Tonight I had my first exposure to the dreaded pro-seal. Before the fun began, I drilled out my rv project kits trailing edge to experiment on. I figure I could master the pro-seal as well as re-learn the riveting technique on this before the real thing.
First things first, I got everything together. ProSeal, Cauk Gun, paper (I used the paper that everything in the empennage kit was wrapped in), clecos, MEK, rags, respirator, gloves, more gloves, ventilation, applicator. For the applicator I had a popsicle stick that I cut one of the ends off. I also heard of someone using a short brush with a lot of success. I found a brush and cut all but 1" of the bristles off.
Next, after I went through everything in my head, I mixed the pro-seal up. Pretty easy. Dispense the black stuff evenly into the white stuff, and mix for 50 pumps while rotating. You want to rotate is clockwise, because counterclockwise will unscrew it and cause all kinds of problems. It wasn't that hard. My temperature was around 60 degrees in my shop at the time of the mixing.
Once mixed, I placed the cartrige into a cauk gun and made a small pile in a paper cup I cut down to about 1-1.5" tall. Stuff wasn't all that bad. Thicker and gooier than cauk, but same effect if you don't manage it right - it goes all over the place. I started with dabbing the brush into the sealer and brushing it onto the edge piece of the practice kit. The brush worked OK, but not great. Then I tried the popsicle stick. That worked fantastically. I put a line of pro-seal down the edge of the edge, then spread and smoothed it out with the popsicle stick. Very nice.
Next was onto the main event. Enough practice! I first put a liberal dab of sealer on each trailing edge of the stiffeners - top and bottom. The deal with this is supposedly the stiffeners can vibrate against each other, or more likely the rivet shop heads and cause cracks in the rudders trailing edge. Most common solution to this is drilling the cracks to prevent them, then drilling again to put sealer in the rudder. I would rather not do this.
Then I spread the stuff on the wedge. I started at one end and worked myself up each side of it - 4" on one side, flip, 4" on other side, flip, etc.. I did it all the way until the end when mu gloves were sticky as hell. Then I went over the hole thing to spread it out evenly. There wasn't a thick coat on it. No more then 1/64" I would say. Just enough that there was even coverage. You will get a good feel for it with a popsicle stick. It leads the way to easy street.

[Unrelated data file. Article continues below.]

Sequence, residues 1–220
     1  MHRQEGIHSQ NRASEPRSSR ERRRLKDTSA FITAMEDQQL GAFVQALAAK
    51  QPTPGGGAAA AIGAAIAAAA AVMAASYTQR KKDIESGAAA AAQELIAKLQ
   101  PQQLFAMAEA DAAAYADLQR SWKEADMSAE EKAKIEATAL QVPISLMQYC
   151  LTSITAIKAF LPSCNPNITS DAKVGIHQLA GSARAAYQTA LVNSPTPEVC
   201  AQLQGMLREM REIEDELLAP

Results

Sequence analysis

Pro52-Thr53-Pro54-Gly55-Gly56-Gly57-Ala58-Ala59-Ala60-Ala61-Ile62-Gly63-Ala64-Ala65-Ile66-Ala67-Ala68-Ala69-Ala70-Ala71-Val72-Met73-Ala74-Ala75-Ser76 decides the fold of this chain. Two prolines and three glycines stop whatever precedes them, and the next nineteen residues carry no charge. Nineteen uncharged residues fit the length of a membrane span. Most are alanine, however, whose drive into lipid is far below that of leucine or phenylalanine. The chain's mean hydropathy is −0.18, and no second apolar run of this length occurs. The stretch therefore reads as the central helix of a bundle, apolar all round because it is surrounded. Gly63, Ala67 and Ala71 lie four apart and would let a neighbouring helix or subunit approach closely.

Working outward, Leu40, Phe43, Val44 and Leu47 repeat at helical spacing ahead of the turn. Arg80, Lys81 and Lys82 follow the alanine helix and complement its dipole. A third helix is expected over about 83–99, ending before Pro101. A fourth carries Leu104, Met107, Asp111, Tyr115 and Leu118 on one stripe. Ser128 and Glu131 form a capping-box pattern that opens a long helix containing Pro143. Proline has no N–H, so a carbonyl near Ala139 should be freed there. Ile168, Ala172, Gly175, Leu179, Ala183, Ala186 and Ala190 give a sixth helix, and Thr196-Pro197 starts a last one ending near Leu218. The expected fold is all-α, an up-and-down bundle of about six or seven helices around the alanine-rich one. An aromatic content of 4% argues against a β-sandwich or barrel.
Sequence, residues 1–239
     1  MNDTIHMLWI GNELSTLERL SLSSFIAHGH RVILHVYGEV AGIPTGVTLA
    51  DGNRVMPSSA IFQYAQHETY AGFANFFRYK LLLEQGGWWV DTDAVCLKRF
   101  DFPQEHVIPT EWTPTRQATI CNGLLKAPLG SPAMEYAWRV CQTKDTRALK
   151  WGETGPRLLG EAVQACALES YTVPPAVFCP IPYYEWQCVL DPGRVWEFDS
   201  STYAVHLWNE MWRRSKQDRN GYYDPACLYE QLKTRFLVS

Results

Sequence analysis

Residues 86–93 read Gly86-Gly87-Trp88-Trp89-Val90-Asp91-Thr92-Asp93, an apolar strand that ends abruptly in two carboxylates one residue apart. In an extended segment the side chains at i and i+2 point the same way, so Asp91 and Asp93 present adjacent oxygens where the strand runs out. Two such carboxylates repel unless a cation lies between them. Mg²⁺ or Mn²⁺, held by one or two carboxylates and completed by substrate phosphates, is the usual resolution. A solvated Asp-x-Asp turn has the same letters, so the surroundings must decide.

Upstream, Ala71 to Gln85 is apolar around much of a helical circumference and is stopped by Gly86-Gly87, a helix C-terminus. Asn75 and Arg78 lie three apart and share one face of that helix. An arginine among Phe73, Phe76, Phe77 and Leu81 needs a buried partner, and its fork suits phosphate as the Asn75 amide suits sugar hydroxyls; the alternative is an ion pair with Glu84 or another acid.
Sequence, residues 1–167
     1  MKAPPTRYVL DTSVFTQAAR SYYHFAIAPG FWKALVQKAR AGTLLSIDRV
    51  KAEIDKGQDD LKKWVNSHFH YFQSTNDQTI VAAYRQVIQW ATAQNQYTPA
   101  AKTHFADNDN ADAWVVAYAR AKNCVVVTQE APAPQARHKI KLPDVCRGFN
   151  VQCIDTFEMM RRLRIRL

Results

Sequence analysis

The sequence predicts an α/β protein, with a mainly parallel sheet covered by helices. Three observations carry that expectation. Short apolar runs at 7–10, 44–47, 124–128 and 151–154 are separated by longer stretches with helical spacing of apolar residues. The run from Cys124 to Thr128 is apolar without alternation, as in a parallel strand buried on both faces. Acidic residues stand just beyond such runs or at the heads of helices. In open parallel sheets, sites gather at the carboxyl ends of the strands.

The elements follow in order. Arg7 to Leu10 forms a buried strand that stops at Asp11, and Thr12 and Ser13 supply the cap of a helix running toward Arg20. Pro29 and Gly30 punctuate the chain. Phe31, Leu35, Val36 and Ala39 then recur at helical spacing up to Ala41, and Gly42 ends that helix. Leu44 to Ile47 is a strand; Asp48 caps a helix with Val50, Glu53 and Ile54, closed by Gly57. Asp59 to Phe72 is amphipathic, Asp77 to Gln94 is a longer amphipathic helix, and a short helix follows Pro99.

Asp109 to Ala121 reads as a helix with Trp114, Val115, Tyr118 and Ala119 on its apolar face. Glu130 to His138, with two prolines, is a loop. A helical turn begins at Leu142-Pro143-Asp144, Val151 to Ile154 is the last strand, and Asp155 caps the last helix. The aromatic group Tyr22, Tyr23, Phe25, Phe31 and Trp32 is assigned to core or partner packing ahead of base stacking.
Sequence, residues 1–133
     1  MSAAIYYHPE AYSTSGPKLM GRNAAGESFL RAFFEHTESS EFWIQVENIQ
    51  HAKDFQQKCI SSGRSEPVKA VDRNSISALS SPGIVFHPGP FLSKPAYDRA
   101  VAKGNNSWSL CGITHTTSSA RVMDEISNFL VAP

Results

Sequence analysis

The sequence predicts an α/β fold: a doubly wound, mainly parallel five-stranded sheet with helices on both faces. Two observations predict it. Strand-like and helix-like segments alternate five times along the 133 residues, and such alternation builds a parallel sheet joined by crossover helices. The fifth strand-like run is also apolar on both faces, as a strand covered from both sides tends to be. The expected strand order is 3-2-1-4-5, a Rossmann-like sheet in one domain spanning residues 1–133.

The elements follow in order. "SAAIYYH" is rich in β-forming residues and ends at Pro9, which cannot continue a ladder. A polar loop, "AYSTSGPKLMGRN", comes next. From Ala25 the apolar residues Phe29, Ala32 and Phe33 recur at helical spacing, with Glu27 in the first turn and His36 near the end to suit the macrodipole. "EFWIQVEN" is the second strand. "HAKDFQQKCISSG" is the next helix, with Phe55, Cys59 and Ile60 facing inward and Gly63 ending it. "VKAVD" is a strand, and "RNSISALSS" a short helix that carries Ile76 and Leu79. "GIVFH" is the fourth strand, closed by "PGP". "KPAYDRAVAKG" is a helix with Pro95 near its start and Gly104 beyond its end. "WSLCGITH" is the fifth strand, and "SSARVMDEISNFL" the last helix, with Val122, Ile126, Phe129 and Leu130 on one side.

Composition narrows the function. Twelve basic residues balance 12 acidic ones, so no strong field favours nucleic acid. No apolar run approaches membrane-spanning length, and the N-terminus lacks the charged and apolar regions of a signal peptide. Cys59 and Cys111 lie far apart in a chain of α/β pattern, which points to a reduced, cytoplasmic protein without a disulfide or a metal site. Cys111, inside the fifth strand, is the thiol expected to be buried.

So the wedge is pro-sealed, I then slammed it into the rudder and popped out everything I had to keep the rudder spread open. I put in a cleco at either end just to check alignment. Next I clecoed on the aluminum angle to the rudder with the first and last cleco first, Then I put all the rest of them in, making sure that the trailing edge hung off the table as Van't tells you to.
Finally was clean up. I tried a rag with MEK on it, but that seemed to just make more of a mess than I started with. I didn't have that much leakage, just a little here and there. I went upstairs and got some Q-Tips and used those. They made the job easy for two reasons. I MEK's one end, cleaned what I could until it wa sjust dragging sealer, took a wire snipper and cut off the one end of the Q-Tip, then use the other end to do the same. I snipped the one end off because I didn't want MEK soaked sealer all over my gloves. Plus I am cheap and wanted to get every inch out of the Q-Tips. The other great thing about this is I didn't have anything that was soaked in MEK touching my gloves. Finally, I got a MEK soaked rag and wiped down everything to get the rest off of the skins.
I checked everything out and I am thrilled with the results.
Cleanup was easy - I just rolled everything up in the paper and tossed it. Somehow the cauk gun is stuck to the ProSeal tube. I couldn't seperate it to save my life. I am going to let this stuff dry and I will cut off the ProSeal cartridge later on.
I accidentally got some proseal on my skin while checking everything. Normal soap didn't take it off for me. I used Lava soap and that worked well.
RV Trailer with the trailing edge drilled out.
Everything layed out and ready to go.
This is how I trimmed my brush. I figured that if it was a great idea, it would be nice to fully document this. This thing didn't work nearly as nice as the popsicle stick for this job. It did work well, and I might use it for the tanks, but not here.
Pro-Seal mixed up.
Pro-Seal ready to dispense.
My test piece with the brush. Coverage was excellent. My concern was uniformity and leaving buldges in the trailing edge. I can see this method working very well for the tanks though.
This is how I was applying the sealer to the brush. Cauking it right onto it.
Next I gooped the trailing edge rivets on the stiffeners.
Everything cleaned up. Note that you have to leave the trailing edge (and aluminum angle) hanging off the end of the table to allow the edge to set straight. Elevating it up on a table could cause a bend...sure.
This is how the whole trailing edge looks. Beautimous!
Last Modified: September 4, 2017